Over the next couple of weeks I will be showing you how to adopt these methods into your coaching or playing programme. They work for all batting disciplines and not just around back foot play.

The ultimate aim in this back foot phase of the batting programme is to facilitate the development of more robust and more adaptable back foot players against pace.

Constraints based practice

Max and I have only worked together for a couple of months. He is a top lad and has a strong front foot game which is capable of dominating at County age group level. His back foot game was limited to hitting long hops through mid wicket so we started to explore his off side back foot game on the bowling machine linked to the PV/ONE system.

After a few successful back foot drives to lower bouncing balls, Max attempted to play the same shot to higher bouncing back foot balls delivered just outside off stump.

3 balls, 3 nicks to slip or the keeper!

I then said “Max, let’s play a constraints game. The constraints are that you can only cut the ball, defend the ball or leave the ball. That’s the game, are you happy with that?”

Max agreed and all of a sudden started to make clinical decisions based on line around the constraints.

Then, after 15 balls, Max began to cut balls from relatively close to his body in exactly the same way as we see England Test Captain, Joe Root do on the world stage.

His balance was impeccable, his contacts on the cut shot were crisp and consistent. When the ball needed to be defended he took the right option and he only left balls if they swung late from middle and off to 4th stump.

After each cut shot Max would look at the PV/ONE monitor and watch the replay. His face would light up as he he developed this new skill (the cut shot). It was lovely to see him having so much fun whilst learning. Max ended up playing the cut shot competently from a variety of different widths.

To end the session we had 6 open deliveries. No constraints at all.

I could mix my lengths and lines. Max could play any shot he desired.

The next result of the 6 open deliveries:

  • 1 x Successful defensive shots
  • 2 x Well executed leaves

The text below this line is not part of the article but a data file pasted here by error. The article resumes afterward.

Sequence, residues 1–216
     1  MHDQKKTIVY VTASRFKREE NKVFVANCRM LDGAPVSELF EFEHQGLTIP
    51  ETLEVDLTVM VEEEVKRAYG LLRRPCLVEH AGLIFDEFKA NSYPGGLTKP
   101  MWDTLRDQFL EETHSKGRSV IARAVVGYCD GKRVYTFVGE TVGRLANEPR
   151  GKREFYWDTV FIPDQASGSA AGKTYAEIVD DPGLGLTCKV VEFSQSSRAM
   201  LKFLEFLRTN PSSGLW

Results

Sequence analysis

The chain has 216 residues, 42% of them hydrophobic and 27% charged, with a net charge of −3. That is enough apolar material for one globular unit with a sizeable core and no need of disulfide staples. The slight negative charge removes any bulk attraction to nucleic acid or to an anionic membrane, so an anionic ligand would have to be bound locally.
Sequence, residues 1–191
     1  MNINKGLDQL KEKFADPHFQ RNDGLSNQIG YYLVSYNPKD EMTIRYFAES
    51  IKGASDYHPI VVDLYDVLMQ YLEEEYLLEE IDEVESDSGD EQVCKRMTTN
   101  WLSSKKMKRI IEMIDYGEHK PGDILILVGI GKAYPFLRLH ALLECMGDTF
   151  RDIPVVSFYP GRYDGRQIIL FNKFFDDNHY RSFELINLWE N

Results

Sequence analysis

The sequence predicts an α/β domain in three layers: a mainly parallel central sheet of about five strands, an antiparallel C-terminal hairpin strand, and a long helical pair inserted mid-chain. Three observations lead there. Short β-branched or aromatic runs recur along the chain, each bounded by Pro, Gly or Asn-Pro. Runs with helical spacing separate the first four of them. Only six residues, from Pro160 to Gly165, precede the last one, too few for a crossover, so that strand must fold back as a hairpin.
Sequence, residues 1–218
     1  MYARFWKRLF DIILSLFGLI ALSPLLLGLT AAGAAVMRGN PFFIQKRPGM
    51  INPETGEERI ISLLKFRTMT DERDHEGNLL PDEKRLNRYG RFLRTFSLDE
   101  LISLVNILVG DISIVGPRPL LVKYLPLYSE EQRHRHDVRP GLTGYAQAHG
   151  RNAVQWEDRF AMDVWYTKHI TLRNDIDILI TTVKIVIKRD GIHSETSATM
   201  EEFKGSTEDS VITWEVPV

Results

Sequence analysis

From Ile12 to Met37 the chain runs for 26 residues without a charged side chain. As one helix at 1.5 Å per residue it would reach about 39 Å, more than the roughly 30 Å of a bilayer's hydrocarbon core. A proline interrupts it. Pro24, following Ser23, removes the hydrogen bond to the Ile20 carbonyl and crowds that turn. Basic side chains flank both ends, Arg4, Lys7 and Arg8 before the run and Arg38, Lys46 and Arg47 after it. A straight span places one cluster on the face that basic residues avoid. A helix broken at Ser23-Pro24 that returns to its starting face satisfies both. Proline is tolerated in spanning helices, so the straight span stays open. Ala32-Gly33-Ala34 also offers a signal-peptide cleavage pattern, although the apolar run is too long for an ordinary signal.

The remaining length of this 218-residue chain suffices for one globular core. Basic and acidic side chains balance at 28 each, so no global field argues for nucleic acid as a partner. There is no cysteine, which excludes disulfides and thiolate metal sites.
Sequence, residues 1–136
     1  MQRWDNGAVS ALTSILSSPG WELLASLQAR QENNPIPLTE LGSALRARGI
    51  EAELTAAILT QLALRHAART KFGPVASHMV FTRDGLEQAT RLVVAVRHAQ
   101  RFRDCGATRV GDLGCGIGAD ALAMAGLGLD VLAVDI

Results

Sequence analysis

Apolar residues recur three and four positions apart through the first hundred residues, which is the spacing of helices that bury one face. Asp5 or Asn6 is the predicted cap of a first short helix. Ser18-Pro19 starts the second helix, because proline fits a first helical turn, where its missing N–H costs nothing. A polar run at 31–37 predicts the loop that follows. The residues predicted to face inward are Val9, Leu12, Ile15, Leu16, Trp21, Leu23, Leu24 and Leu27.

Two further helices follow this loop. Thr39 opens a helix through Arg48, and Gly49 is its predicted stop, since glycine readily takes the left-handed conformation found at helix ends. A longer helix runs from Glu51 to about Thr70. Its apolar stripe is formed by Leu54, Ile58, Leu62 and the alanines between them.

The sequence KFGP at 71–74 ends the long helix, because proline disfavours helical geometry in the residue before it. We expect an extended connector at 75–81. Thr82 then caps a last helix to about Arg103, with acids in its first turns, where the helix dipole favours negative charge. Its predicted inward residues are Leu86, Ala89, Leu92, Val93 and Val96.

• 1 x Back foot drive to a lower bouncing ball
  • 2 x Cut. One from close to the body (Joe Root) and the other to a genuinely wide ball.

We are going to continue the process of applying constraints to build different batting skills and then finish with “open” practice within Max’s next few batting sessions.

Can you use constraints based games in your practice to fast track your batting skills?

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Cricket Show S8 Episode 44: A Late Arrival

Sam Lavery chats to David Hinchliffe with a last minute drop in from Mark Garaway. There are chats about dealing with adversity as a coach, choosing bats and batsman-wicketkeepers.


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Wicketkeepers: Are You the Drummer or the Conductor?

The conductor. The sergeant-major. The cheerleader. The Drummer. What is a 'keeper?

England and Kent coach Paul Farbrace tells us wicketkeeper is the drummer in the band: Keeping the beat of the fielding side with tidy glove work and unobtrusive, focused encouragement. Insightful, canny and reliable.

The Cricket Coaching Oracle

Film reference coming up!


About PitchVision Academy

Welcome to this week's guide to playing and coaching better cricket.

I'm David Hinchliffe and I'm Director of the PitchVision Academy team. With this newsletter you are benefitting directly from over 25 Academy coaches. Our skills include international runs and wickets, first-class coaching, cutting-edge research and real-life playing experience.


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Issue: 487
Date: 2017-11-17